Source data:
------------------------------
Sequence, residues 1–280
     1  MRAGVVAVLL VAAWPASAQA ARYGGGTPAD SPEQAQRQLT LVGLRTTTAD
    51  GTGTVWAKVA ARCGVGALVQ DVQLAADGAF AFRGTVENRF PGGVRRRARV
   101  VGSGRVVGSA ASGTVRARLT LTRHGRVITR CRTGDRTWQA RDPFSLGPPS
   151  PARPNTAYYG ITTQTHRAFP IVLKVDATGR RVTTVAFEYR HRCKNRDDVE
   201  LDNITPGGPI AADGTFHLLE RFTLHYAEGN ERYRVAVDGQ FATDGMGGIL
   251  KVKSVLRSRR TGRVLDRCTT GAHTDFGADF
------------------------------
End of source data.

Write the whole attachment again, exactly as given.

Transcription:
Sequence, residues 1–280
     1  MRAGVVAVLL VAAWPASAQA ARYGGGTPAD SPEQAQRQLT LVGLRTTTAD
    51  GTGTVWAKVA ARCGVGALVQ DVQLAADGAF AFRGTVENRF PGGVRRRARV
   101  VGSGRVVGSA ASGTVRARLT LTRHGRVITR CRTGDRTWQA RDPFSLGPPS
   151  PARPNTAYYG ITTQTHRAFP IVLKVDATGR RVTTVAFEYR HRCKNRDDVE
   201  LDNITPGGPI AADGTFHLLE RFTLHYAEGN ERYRVAVDGQ FATDGMGGIL
   251  KVKSVLRSRR TGRVLDRCTT GAHTDFGADF